I traveled to North Korea to run in the Pyongyang Marathon, and it was fine

The World
Alec Ash starts the Pyongyang Marathon. April 10, 2016.

The Mangyongdae Prize International Marathon in Pyongyang, North Korea, started in 1981 but has only been open to foreign amateur runners since 2014.

I ran in this year's race — the 29th marathon, held on April 10 — along with a mix of North Korean runners, foreign professionals and international tourists.

It's relatively easy to get into North Korea as part of a package tour, but by running the marathon you can see more of its capital city at your own pace, without a tour guide next to you. The marathon was opened up to tourists as a sign of North Korea's desire to show off to the world that it can host international events, even as it shutters itself off diplomatically.

The course loops four times around downtown Pyongyang, beginning and ending in the May Day Stadium, the largest stadium in the world, and where North Korean holds the Mass Games athletic event every year. We ran over the Taedong River and past Stalinist monuments: the Friendship Tower, the Arch of Triumph, bronze statues of Kim Il-sung and Kim Yong-il.

North Koreans came out to the streets to cheer us on. I saw kids sucking sweets, blowing bubblegum, giving us high fives as we ran. Grannies gave us encouraging gestures, and residents waved at us from their balconies. I also ran past an army squadron performing a drill, and a cheerleading team performing a routine.

Many American amateurs were running in the race, despite the antipathy between the two countries. Our tour guide routinely talked of the USA as the "American imperialists."

We were visiting just months after US tourist Otto Warmbier was detained in North Korea for taking down a propaganda poster inside his hotel, and sentenced to 15 years of hard labor. That's a caveat for any prospective tourist, and there are arguments that tourism to the Democratic People's Republic of Korea is unethical as it helps to fund the regime.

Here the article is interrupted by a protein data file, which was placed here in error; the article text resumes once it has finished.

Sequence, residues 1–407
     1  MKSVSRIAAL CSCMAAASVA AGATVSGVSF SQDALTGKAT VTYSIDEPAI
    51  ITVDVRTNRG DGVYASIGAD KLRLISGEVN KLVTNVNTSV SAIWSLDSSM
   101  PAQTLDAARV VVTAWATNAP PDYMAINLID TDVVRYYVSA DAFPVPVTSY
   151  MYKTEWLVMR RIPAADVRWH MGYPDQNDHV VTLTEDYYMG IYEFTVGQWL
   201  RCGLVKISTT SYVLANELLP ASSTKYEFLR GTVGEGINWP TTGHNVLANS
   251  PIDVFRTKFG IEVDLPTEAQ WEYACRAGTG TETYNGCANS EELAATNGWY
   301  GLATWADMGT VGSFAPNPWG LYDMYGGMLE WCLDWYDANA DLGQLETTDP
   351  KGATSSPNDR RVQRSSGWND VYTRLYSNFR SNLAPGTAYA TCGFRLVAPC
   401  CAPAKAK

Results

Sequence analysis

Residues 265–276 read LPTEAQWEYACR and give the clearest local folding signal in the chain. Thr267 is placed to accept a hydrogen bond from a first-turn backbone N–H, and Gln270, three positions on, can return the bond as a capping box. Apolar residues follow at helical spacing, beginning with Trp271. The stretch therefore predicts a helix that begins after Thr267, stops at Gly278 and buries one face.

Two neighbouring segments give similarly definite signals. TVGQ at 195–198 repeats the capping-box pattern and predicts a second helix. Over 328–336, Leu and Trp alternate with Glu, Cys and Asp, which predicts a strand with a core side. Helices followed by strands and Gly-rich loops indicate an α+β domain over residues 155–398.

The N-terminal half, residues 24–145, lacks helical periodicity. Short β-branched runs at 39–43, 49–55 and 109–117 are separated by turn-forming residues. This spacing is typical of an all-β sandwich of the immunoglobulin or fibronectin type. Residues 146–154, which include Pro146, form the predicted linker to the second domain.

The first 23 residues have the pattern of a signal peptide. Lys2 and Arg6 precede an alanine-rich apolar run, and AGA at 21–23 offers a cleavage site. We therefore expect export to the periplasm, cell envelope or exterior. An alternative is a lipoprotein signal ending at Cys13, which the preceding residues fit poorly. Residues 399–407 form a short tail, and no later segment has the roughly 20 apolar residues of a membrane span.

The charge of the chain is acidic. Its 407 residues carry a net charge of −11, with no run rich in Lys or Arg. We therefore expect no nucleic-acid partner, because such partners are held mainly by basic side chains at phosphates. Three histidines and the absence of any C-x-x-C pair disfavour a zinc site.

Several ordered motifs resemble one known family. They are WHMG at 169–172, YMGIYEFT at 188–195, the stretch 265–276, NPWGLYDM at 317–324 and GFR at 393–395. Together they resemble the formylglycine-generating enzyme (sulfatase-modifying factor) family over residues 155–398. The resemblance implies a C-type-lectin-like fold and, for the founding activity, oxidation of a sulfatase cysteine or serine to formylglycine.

There were various restrictions for us runners. We were told not to take photos of construction sites, which are run by a branch of the military, or on the racecourse itself, but that was widely ignored — many of us took photos on our phones during the run. We also couldn't run in kit with large logos or national flags.

The most worrying restriction for me was the four-hour cutoff time for the full marathon, after which the medal ceremony began. My time was a little over four hours and I was one of the last amateur runners to make it into the May Day stadium before they closed the gates for a final lap, while the crowd of tens of thousands looked and cheered on.

A North Korean won the marathon this year, and since 2000 it has been a mix of home team and international runners who get the gold medal. Those foreign professional racers come mostly from African countries, Russia and China.

Sporting achievement has always been important to the DPRK, whether it's soccer, gymnastics or this marathon. Our guide told me long-distance running is a symbol of the endurance of the North Korean people, and of their revolutionary spirit.

While the atmosphere in the stadium felt forced, the race itself saw glimpses of everyday life and humanity, as Pyongyang residents came out to watch the run in the same way that Bostonians did on Monday.

Alec Ash is a writer and journalist in Beijing. His book "Wish Lanterns," about young China, is forthcoming.

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